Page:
Showing posts from July 31, 2022

Falling oil prices: for how long can gas prices prop up the oil prices?

The fall of the prices of crude oil has been continuing for the whole week despite the obvious supply woes: the price of WTI and Brent fell below $90 and $100 respectively for the first time since the Russia-Ukraine war.   As of 13:40 GMT, the price of WTI and Brent were at $88.66 and $94.32 respectively. It is clear the fact that the US, world's larges economy, fell into recession played a major role in the lingering anxieties of the investors; the news that broke out on Thursday with the warning about the UK also falling into recession this year did not help alleviate the sentiments. Both the US and UK saw a sharp contraction of their respective economies, which is often blamed on the rising energy costs.  Although the Biden administration questions the technical definition of a recession, despite the economic showing contractions for two successive quarters, the Governor of  the Bank of England did not mince his words while announcing the impeding disaster, while hiking the inte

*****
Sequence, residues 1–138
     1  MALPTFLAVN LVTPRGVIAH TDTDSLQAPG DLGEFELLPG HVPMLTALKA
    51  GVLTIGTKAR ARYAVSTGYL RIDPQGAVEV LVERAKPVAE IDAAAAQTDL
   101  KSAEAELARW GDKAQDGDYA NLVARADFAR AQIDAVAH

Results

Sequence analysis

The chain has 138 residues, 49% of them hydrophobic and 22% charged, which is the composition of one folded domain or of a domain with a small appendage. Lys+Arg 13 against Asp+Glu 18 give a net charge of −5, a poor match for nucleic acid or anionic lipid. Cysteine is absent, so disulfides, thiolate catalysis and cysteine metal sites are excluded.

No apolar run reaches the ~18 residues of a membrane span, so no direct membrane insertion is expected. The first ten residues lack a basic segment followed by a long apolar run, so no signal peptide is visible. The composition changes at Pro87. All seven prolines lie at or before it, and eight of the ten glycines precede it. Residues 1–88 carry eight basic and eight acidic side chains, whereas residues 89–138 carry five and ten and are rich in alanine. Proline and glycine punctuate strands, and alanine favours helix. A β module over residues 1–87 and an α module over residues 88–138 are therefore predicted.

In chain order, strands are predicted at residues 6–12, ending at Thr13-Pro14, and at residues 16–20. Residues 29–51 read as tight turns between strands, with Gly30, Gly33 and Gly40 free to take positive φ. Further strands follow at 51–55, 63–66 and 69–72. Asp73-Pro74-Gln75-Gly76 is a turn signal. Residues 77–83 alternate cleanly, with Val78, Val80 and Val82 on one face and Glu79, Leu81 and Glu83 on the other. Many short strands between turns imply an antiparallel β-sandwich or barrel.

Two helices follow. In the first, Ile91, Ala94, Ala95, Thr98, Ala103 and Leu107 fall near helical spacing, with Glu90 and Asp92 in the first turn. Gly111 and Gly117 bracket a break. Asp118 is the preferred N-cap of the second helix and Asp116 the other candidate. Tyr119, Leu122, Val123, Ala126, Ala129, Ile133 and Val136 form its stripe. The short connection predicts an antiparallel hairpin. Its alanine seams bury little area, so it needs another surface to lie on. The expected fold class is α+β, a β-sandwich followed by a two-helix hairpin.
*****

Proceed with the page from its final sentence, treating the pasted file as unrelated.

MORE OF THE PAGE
Crude oil price: prices slightly down, remain fairly static

The price of oil remains almost static for the second successive week,  something that has not been satisfactorily accounted for by market analysts. Although the speculation is rife about the so-called demand destruction, the US crude inventories did not build last week; on the contrary, they fell significantly, feebly implying that was not the case. Both the API, American Petroleum Institute, and the EIA, US Energy Information Administration, reported the fall in the US crude inventories. On this occasion, however, there was no dramatic increase in the price of oil, defying the usual pattern. The most important announcement on the economic front this week was the US GDP growth data for the second quarter from April to June: the US economy, the world's largest, shrunk by 0.9%, recording the second successive contraction in two consecutive quarters; during the first quarter, the figure was 1.6%. Although the development satisfies the classic definition of a recession, the Biden admi

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